By December 11, 2019Weekly Update

Life in Contrast

This past Sunday we contemplated making room for Christ to the sounds of Mary Chapin Carpenter’s “Come Darkness, Come Light.” It’s a song I love because it draws attention to deep contrasts in the Nativity. Mostly it’s a nighttime tale with light breaking in, often in supernatural ways—bright stars, angel choirs, heavenly visitations. That surely means something, particularly after we recall there were no rules in how this event unfolded. God could have accomplished what happened in Bethlehem anywhere, at any time, with anyone. So that invites us to consider the intentions behind the specifics. It would be unwise to assume anything is coincidental.

“Come Darkness, Come Light” keeps pointing toward contrasts. “Come broken, come whole… Come doubting, come sure… Come running, come walking slow…” At first we might think of these as either/or dualisms—opposites, even. But as they settle, they remind us the Birth we prepare to celebrate is really a study in contrasts, not dualisms. Light and darkness coexist; there can’t be one without the other. Brokenness is really incomplete wholeness, and wholeness is brokenness remedied. Running doesn’t preclude slowness any more than moving slowly at some points in our lives prevents our quickness at other times.

“You must live in the present,” Thoreau said. “Launch yourself on every wave, find eternity in each moment.” It certainly makes for beautiful poster copy. But we can draw real meaning from it as we watch contrasts unfold in the Christmas saga. There are times of impenetrable darkness as the key players struggle to comprehend what’s happening. Then there are moments of startling luminosity: dreams and visions, unexpected guests who serve as confirming presences, the unquestioning support of distant relatives and far-flung magicians. Throughout, darkness and light come and go moment by moment, as it does in any life, as it does in our own lives.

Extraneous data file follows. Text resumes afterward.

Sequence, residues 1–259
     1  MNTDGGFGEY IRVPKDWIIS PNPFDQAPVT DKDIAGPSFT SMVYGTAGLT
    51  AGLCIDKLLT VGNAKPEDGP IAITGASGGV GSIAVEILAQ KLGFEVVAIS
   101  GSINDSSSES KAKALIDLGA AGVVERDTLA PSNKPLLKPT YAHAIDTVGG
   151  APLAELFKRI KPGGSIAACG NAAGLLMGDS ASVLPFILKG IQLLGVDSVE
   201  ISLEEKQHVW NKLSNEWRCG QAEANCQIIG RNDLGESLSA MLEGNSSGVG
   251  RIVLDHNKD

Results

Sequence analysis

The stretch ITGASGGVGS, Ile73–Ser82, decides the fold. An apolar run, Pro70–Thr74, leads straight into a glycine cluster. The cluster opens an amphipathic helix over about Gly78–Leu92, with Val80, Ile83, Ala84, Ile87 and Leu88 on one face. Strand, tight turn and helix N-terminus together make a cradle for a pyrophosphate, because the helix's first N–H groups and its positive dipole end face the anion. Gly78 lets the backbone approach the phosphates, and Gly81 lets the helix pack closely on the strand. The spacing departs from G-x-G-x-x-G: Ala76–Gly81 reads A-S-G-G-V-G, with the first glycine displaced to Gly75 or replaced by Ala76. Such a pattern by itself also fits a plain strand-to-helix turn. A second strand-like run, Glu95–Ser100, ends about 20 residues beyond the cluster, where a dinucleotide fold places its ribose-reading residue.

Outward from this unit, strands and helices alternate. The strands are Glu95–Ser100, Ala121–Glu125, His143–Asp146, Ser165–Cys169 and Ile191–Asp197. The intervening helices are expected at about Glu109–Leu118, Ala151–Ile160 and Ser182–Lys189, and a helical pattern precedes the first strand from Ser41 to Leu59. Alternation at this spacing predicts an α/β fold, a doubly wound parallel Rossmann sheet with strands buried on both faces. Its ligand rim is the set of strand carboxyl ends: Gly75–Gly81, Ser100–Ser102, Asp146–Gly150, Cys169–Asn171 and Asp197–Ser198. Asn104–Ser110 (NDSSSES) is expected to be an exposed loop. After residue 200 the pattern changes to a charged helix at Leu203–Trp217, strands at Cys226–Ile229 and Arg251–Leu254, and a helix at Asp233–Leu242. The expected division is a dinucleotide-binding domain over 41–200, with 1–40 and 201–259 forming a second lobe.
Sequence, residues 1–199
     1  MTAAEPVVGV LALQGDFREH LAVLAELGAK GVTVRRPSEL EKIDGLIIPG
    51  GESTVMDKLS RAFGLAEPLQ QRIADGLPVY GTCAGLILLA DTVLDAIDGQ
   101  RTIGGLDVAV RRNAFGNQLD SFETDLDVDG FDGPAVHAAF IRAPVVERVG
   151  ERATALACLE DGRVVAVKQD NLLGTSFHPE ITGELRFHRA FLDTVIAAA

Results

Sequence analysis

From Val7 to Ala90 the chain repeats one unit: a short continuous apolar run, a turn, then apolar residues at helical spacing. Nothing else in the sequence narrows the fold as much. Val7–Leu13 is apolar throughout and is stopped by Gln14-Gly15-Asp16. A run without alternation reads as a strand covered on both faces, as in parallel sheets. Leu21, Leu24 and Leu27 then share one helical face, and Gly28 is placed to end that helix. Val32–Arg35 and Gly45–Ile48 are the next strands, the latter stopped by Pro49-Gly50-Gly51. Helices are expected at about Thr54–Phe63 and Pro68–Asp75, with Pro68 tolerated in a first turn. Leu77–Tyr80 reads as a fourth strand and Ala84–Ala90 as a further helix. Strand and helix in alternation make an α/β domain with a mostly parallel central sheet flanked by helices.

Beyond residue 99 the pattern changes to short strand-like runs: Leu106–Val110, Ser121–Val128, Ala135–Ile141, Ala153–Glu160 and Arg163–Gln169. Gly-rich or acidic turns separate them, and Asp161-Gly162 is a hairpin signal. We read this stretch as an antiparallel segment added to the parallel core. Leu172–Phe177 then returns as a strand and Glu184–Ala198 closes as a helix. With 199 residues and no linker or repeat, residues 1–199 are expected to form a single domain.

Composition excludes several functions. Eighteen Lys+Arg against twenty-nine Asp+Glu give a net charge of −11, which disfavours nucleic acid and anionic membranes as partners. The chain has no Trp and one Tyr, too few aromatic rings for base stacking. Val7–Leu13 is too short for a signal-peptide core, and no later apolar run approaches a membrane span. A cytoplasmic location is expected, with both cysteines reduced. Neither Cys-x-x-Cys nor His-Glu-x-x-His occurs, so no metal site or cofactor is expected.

Contrasts bring clarity. That’s their blessing. We gauge brightness by darkness and vice-versa. We recognize justice would not taste nearly as sweet without the bitter taste of cruelty and inequality on our tongues. We know one moment’s gripping doubt will have to yield to another moment’s liberating assurance. Rejection’s barbs and brambles teach us to appreciate the velvet comfort of unconditional love and acceptance.

God comes to us in the night in ways we often can’t comprehend. Yet God remains constant with us, at our most dismal and at our most brilliant. It is never an “either/or.” It is always a “yes/and.” Finding life in contrasts opens us to the power of always.

This week we’ll continue our dialogue with the great Christian mystic, Richard Rohr, in his Advent devotional, Preparing for Christmas. And our attention will turn to contrasts—living not in lightness or darkness, but lightness-and-darkness (and all of the grays that fall in between) Join us for Bible study at 7:30pm CST this Thursday. We meet at Pilgrim Congregational Church, 460 Lake Street, Oak Park. If you’re unable to be with us in person, you can join us online via FB Live. See you then!

We need your help!

As we think about the future of Gather, please let us know what gifts you bring and would like to share with the community. There are many roles that have to come together to make Gather happen every week. This includes setup, technical support, worship, managing handouts and information, coordinating drinks, and teardown. We need your help. Please let us know what type of service you’d be interested in!

Watch God Work,
Tim & Shea

As we prepare to become a vibrant worshipping community, we invite you to enjoy a Spotify playlist that captures the kind of worship we hope to embrace. Give it a spin while you’re driving. Make it your workout jam. Add it to your devotional time. Most of all, feel yourself becoming part of a sacred village of believers who love their God and one another!
Check out the Gather Worship Playlist here.